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Publication numberUS7260479 B2
Publication typeGrant
Application numberUS 11/343,543
Publication dateAug 21, 2007
Filing dateJan 31, 2006
Priority dateJan 31, 2005
Fee statusPaid
Also published asCA2534600A1, CA2534600C, US20060173626
Publication number11343543, 343543, US 7260479 B2, US 7260479B2, US-B2-7260479, US7260479 B2, US7260479B2
InventorsGraham McElhinney
Original AssigneePathfinder Energy Services, Inc.
Export CitationBiBTeX, EndNote, RefMan
External Links: USPTO, USPTO Assignment, Espacenet
Method for locating casing joints using measurement while drilling tool
US 7260479 B2
Abstract
A method for locating casing string joints using a measurement while drilling tool is disclosed. The method includes deploying an MWD tool in a wellbore and measuring the magnetic field along a length of the wellbore. Changes in the magnetic field along the length of the wellbore are evaluated to determine the location of at least one casing joint. Embodiments of this invention may be advantageously utilized, for example, in sidetracking operations to avoid milling through a casing joint. Use of this invention may obviate the need for a separate wireline run to locate the casing joints.
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Claims(26)
1. A method for locating at least one casing joint in a cased wellbore, the cased wellbore including a substantially permanent magnetization, the method comprising:
(a) deploying a magnetic field measurement device in the cased wellbore, the magnetic field measurement device coupled to a drill string and positioned to be within sensory range of magnetic flux from the substantially permanent magnetization;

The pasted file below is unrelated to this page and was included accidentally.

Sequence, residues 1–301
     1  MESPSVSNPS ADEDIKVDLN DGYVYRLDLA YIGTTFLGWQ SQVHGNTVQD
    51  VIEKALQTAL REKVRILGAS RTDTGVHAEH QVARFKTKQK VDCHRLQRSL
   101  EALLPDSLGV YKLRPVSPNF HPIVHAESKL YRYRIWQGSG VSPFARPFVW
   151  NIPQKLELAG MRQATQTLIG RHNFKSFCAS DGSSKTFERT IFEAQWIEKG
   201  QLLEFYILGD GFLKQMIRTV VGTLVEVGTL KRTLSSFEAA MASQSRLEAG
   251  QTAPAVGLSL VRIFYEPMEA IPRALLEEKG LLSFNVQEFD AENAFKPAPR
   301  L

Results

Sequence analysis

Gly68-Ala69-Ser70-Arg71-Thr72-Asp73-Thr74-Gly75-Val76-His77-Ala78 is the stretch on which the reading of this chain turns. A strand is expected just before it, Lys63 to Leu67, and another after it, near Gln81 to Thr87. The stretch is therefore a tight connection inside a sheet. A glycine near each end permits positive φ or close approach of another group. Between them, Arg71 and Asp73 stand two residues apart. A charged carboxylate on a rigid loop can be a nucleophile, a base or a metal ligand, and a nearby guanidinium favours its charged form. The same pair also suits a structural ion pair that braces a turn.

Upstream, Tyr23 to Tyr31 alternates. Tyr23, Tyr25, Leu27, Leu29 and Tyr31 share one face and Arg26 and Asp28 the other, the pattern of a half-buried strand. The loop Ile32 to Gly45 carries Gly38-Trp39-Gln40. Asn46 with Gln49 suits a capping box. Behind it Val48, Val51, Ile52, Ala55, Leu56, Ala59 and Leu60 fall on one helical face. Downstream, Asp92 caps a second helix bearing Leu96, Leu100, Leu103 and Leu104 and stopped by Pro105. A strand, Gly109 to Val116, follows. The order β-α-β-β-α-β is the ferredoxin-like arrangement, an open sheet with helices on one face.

(b) measuring the magnetic flux along a length of the cased wellbore using the magnetic field measurement device; and
(c) evaluating a change in the magnetic flux measured in (b) along the length of the cased wellbore to locate the at least one casing joint.
2. The method of claim 1, wherein the substantially permanent magnetization is imparted during a magnetic particle inspection procedure.
3. The method of claim 1, wherein the magnetic field measurement device comprises a tri-axial magnetometer, one axis of which is aligned with a longitudinal axis of the drill string.
4. The method of claim 1, wherein the magnetic field measurement device comprises a measurement while drilling sensor.
5. The method of claim 1, wherein the magnetic field measurement device has a saturation threshold of less than about 1.0 Gauss.
6. The method of claim 1, wherein the magnetic flux measured in (b) saturates the magnetic field measurement device.
7. The method of claim 1, wherein (b) comprises measuring a component of the magnetic flux that is substantially parallel with the longitudinal axis of the drill string.
8. The method of claim 1, wherein (b) comprises measuring at least one component of the magnetic flux that is substantially orthogonal to the longitudinal axis of the drill string.
9. The method of claim 1, wherein (c) comprises plotting the magnetic flux measurements acquired in (b) as a function of a measured depth of the cased wellbore.
10. The method of claim 1, wherein the change in the magnetic flux evaluated in (c) comprises a decrease in an axial component of the magnetic flux.
11. The method of claim 10, the change in the magnetic flux causes an axial sensor in the magnetic field measurement device to transition from a saturated state to an unsaturated state.
12. The method of claim 1, wherein the change in the magnetic flux evaluated in (c) comprises a change in sign of an axial component of the magnetic flux.
13. The method of claim 1, wherein the change in the magnetic flux evaluated in (c) comprises an increase in at least one cross-axial component of the magnetic flux.
14. The method of claim 13, wherein the change in the magnetic flux causes a cross-axial sensor in the magnetic field measurement device to transition from an unsaturated state to a saturated state.
15. The method of claim 13, wherein the change in the magnetic flux evaluated in (c) further comprises a dip or an inflection in the cross-axial component of the magnetic flux.
16. The method of claim 1, wherein: